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Obama: Auto industry needs to do more to get assistance
WASHINGTON -- President Obama said General Motors Corp., Chrysler LLC and all those with a stake in their survival need to take more hard steps to help the struggling automakers restructure for the future.
Obama, in an interview with CBS' "Face the Nation" broadcast Sunday, said the companies must do more to receive additional financial aid from the government.
"They're not there yet," Obama said.
Details of the plan remained tightly held Sunday, but General Motors chief executive officer Rick Wagoner was stepping down immediately at the request of the White House, administration officials said Sunday.
Wagoner's resignation came as the president was set to announce a plan today for the government to provide more money in exchange for tough concessions from union workers, bondholders and others.
"We think we can have a successful U.S. auto industry. But it's got to be one that's realistically designed to weather this storm and to emerge -- at the other end -- much more lean, mean, and competitive than it currently is," Obama said.
GM and Chrysler are surviving on $17.4 billion in government loans. They have been hard hit by the economic downturn and the worst decline in auto sales in 27 years. GM is seeking $16.6 billion more; Chrysler wants $5 billion more.
Both companies are trying to reduce their debt by two-thirds and persuade the United Auto Workers union to accept several cost-cutting measures.
General Motors said in a statement that it expected a decision soon but "it would not be appropriate for us to speculate on the content of any announcement."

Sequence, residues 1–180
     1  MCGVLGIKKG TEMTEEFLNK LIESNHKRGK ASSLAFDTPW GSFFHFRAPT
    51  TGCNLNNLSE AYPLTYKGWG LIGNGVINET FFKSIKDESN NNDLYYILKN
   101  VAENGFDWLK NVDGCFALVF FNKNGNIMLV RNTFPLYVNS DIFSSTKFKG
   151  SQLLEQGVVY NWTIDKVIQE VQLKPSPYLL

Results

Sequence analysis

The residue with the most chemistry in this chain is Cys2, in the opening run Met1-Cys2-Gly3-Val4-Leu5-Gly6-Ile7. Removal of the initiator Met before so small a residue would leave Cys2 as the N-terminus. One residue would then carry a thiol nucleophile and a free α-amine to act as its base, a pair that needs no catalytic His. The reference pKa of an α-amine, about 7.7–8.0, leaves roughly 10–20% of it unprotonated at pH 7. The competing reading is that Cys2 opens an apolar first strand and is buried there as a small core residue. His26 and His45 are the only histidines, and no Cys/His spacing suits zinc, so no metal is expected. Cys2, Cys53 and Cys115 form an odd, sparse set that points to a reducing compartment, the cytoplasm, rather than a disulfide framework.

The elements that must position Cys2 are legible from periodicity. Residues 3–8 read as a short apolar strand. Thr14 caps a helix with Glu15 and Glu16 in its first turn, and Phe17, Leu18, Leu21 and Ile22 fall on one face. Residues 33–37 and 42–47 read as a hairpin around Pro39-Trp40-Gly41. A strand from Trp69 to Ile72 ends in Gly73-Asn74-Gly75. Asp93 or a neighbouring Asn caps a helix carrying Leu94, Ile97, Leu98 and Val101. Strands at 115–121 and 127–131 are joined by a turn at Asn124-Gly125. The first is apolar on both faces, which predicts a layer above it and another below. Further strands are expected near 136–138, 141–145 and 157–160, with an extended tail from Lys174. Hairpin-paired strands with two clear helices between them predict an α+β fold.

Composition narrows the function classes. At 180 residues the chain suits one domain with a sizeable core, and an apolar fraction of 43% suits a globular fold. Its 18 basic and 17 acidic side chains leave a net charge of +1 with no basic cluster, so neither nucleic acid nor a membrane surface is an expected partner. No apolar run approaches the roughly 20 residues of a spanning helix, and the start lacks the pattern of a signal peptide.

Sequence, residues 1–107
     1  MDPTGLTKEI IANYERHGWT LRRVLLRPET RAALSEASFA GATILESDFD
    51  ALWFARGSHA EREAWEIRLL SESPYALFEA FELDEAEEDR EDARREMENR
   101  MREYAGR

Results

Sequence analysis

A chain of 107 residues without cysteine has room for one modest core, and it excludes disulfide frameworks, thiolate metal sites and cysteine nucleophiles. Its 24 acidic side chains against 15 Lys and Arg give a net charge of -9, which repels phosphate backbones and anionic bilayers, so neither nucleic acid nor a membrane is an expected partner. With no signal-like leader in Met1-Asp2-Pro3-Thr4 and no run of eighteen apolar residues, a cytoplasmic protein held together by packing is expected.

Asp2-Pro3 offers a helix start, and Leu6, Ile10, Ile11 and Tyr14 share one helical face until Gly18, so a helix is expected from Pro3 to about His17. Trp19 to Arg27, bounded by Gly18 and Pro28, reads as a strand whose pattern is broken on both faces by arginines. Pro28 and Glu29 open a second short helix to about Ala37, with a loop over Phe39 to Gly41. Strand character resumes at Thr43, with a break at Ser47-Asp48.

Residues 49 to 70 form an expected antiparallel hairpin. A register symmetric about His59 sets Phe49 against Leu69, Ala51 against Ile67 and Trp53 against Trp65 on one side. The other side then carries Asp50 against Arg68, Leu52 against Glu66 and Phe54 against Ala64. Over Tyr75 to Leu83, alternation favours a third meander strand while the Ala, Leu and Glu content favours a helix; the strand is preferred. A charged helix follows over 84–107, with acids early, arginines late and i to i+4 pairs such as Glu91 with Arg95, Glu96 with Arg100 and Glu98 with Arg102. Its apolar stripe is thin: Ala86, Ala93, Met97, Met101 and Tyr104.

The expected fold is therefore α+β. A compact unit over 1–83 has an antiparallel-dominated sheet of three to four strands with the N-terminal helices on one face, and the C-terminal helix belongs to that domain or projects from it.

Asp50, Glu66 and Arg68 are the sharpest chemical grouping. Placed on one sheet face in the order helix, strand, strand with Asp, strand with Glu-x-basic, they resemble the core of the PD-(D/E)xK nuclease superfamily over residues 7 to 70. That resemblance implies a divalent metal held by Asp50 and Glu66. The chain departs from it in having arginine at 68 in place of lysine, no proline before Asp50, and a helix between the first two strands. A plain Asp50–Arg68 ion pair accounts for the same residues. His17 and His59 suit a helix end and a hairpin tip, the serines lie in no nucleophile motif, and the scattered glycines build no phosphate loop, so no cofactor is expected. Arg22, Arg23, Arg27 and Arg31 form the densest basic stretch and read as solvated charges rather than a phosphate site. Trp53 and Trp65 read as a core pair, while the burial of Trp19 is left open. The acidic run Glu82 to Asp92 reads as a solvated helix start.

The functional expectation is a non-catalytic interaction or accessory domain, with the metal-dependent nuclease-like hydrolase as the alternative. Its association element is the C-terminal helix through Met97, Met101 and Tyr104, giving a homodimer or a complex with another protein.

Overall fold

Very little was being done in negotiations with debtholders and the union ahead of Obama's announcement, a person briefed on the GM talks said Sunday. This person did not want to be identified because the negotiations are private.
Under the terms of a loan agreement reached during the Bush administration, GM and Chrysler are pushing the UAW to accept shares of stock in exchange for half of the payments into a union-run trust fund for retiree health care. They also want labor costs from the union to be competitive with Japanese automakers with U.S. operations.
Neither GM nor Chrysler have deals with the union on the trust funding or concessions from their debtholders and the administration has been trying to accelerate those efforts.
GM and Chrysler employ about 140,000 workers in the U.S.
Members of the president's auto industry task force have said bankruptcy could be an option for GM and Chrysler if their management, workers, creditors and shareholders failed to make sacrifices. The conditions could be more stringent than the loan terms set by the outgoing Bush administration in December, officials have said.
GM and Chrysler face a Tuesday deadline to submit completed restructuring plans, but neither company is expected to finish their work. The administration's plan would be designed to accelerate those efforts.
GM owes roughly $28 billion to bondholders. Chrysler owes about $7 billion in first- and second-term debt, mainly to banks. GM owes about $20 billion to its retiree health care trust, while Chrysler owes $10.6 billion.
In February, GM said it intended to cut 47,000 jobs around the globe, or nearly 20 percent of its work force, close hundreds of dealerships and focus on four core brands -- Chevrolet, Cadillac, GMC and Buick.
Chrysler issued two scenarios in its February plan: one, as a distinct company, and the second, in an alliance with Italian automaker Fiat SpA. Fiat executives have talked to the task force about a proposal to acquire a 35 percent stake in Chrysler in exchange for small car technology, transmissions and other items that Chrysler has valued at $8 billion to $10 billion.
Chrysler said in its February report that it would cut 3,000 workers and eliminate three vehicle models, the Dodge Aspen, Dodge Durango and Chrysler PT Cruiser.
AP Auto Writer Tom Krisher in Detroit contributed to this report.